Classification: Opioid-analgesic narcotic, general anesthetic

Background: Fentanyl is a synthetic opioid analgesic developed in the 1960s. Fentanyl acts on the μ-opioid receptor, similar to morphine, but is approximately 80–100 times more potent than morphine and 40–50 times more potent than heroin. Fentanyl is used to treat patients with severe pain or to manage postsurgical pain. The transdermal patch developed in the 1990s is a popular form of delivery for palliative treatment of chronic pain. Fentanyl may also be used as an adjunct with benzodiazepines prior to general anesthesia. In addition to analgesia, fentanyl use may also result in euphoria (high), drowsiness, sedation, respiratory depression and, in high doses, respiratory arrest. Tolerance and dependence may result from chronic use.

Legally Obtained with a Prescription as: Abstral, Actiq, Duragesic, Fentora, Lazanda, Onsolis, Sublimaze, Subsys. Available as transdermal patches, transmucosal lozenges, buccal tablets and film, nasal spray, sublingual tablets and spray and as an injectable. Fentanyl is a Schedule II drug available only by prescription.

Street Names: Apache, China Girl, China White, Dance Fever, Friend, Goodfella, Jackpot, Murder 8, TNT, and Tango and Cash 

Mode(s) of Use: Smoked, injected, oral, transdermal patches that are chewed

Physiological Effects: The approved use of fentanyl is for treatment of severe pain or as an adjunct to general or local anesthesia. Fentanyl may be abused in the same manner as other opiates and/or opioids like morphine, oxycodone, hydrocodone and heroin. Fentanyl is often mixed with heroin to potentiate or amplify the effects of heroin or in some cases is substituted for heroin. Many deaths attributed to heroin overdoses are actually from fentanyl spiked into heroin.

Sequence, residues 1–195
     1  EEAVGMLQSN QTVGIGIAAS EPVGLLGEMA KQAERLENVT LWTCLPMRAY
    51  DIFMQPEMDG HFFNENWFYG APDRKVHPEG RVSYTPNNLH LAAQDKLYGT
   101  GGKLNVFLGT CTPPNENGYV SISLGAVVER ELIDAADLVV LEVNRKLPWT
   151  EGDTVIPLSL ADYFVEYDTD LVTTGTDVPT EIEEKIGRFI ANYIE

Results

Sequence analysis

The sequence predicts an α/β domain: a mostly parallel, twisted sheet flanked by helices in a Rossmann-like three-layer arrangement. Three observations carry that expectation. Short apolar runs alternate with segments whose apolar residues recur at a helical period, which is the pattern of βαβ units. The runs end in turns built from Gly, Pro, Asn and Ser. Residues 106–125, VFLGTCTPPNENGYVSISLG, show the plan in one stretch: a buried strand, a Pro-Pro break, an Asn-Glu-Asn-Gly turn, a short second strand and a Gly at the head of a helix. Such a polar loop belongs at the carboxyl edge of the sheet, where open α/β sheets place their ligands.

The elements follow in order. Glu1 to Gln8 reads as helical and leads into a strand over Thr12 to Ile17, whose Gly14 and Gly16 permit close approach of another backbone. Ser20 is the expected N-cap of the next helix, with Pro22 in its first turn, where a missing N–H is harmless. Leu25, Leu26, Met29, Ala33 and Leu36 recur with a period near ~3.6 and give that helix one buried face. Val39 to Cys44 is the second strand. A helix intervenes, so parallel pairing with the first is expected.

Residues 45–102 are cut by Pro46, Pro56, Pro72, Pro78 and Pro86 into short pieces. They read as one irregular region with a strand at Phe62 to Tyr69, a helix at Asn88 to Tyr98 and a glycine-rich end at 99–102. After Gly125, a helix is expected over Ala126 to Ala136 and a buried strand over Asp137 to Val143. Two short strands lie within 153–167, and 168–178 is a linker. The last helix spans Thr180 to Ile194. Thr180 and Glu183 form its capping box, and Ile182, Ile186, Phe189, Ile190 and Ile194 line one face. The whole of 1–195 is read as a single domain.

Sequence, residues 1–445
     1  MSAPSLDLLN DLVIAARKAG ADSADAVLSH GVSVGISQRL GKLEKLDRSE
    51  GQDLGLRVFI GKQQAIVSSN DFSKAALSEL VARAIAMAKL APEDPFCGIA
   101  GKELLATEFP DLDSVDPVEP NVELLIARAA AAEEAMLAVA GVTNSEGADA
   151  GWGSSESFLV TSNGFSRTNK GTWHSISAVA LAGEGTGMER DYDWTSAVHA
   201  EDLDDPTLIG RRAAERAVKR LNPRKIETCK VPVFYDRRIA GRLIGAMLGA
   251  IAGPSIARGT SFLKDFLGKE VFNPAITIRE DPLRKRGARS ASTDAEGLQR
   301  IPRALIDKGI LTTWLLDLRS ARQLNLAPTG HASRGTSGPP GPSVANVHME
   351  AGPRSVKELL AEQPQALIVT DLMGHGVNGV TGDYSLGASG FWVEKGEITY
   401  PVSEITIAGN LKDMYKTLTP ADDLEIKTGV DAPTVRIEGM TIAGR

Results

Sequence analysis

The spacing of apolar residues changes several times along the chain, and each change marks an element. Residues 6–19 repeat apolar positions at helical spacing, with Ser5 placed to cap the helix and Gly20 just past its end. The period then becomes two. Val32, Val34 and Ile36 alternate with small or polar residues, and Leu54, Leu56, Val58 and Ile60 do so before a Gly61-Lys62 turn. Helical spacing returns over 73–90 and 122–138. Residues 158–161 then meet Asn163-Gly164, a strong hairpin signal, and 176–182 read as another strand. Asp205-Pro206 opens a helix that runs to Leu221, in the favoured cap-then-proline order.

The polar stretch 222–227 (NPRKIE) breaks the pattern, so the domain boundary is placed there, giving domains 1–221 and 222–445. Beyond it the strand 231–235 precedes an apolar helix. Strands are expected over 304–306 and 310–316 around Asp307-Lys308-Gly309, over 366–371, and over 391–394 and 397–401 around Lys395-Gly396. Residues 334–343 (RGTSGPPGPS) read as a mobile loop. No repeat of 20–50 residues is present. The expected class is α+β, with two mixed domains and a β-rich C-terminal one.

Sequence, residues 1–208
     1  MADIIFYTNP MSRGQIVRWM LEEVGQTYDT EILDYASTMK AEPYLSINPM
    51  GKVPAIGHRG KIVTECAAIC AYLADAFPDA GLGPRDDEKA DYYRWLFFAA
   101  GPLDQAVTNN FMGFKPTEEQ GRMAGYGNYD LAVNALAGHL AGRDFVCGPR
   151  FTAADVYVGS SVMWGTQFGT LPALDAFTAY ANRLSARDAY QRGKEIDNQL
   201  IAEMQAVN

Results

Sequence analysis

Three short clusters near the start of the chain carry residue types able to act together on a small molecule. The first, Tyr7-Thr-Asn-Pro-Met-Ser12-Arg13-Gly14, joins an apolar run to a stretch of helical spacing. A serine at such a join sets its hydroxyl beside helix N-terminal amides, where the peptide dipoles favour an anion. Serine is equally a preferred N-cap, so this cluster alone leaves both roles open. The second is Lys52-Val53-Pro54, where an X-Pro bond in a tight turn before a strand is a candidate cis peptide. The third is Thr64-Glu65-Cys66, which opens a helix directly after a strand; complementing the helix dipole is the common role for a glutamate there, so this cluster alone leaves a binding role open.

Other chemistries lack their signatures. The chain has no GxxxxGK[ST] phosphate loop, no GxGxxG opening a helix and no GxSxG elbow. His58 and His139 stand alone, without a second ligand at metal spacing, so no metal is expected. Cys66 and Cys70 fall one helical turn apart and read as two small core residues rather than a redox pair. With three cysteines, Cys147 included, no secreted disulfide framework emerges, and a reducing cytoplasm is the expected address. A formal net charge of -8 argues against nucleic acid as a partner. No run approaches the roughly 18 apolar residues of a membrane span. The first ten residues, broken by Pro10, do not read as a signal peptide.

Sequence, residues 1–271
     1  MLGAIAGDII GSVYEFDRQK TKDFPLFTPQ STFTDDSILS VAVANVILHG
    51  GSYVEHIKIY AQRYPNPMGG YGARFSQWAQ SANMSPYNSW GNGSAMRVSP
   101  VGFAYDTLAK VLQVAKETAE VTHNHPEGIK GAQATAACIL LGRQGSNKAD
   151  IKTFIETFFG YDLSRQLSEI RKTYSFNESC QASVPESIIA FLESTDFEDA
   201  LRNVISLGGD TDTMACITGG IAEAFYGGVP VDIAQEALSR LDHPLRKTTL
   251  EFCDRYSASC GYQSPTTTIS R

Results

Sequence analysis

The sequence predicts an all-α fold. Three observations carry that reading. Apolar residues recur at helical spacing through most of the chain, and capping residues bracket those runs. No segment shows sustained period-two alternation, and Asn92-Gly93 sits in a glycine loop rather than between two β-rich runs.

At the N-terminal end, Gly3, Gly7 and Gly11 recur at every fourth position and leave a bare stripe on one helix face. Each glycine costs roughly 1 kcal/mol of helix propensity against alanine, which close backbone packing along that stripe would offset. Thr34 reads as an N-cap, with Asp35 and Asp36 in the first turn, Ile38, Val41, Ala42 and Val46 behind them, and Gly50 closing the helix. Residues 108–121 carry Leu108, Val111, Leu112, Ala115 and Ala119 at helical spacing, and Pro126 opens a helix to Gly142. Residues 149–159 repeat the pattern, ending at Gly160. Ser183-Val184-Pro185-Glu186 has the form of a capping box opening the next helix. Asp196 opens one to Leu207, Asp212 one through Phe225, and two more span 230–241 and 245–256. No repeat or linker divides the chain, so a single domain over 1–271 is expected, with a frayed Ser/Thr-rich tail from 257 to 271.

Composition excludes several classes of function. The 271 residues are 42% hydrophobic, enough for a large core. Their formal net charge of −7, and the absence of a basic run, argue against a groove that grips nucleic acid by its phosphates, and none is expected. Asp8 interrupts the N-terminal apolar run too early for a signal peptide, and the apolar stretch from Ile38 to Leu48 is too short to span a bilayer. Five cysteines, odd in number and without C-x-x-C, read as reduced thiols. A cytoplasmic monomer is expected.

Psychological Effects: Euphoria (high), sedation, mental confusion

Toxicity: Severe respiratory depression, muscle rigidity, seizures, coma and hypotension. Death resulting from use of fentanyl is usually caused by respiratory arrest.

Metabolism: Fentanyl and norfentanyl, the primary metabolites, are detected in urine. Other minor metabolites are quantitatively insignificant.

Detection Time in Urine: 1–4 days

Detection Time in Oral Fluid: 1–2 days

chemical structure of fentanyl

Questions? Contact us!

The information provided is for educational purposes only and is not intended to be used as medical advice. Detection times are approximate and may be influenced by a number of factors, including BMI, duration of drug use, dosage and interindividual metabolic differences. For specific drug testing result interpretation questions, please contact us.


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